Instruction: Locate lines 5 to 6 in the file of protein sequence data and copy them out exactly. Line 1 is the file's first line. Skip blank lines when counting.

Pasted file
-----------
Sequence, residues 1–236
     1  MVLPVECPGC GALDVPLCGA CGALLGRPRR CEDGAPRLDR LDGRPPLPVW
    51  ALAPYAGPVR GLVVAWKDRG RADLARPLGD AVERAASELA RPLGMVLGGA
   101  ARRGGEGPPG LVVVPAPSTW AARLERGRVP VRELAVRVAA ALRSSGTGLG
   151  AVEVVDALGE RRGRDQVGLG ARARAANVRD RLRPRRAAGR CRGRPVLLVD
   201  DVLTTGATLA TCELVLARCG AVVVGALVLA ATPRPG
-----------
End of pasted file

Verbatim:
   151  AVEVVDALGE RRGRDQVGLG ARARAANVRD RLRPRRAAGR CRGRPVLLVD
   201  DVLTTGATLA TCELVLARCG AVVVGALVLA ATPRPG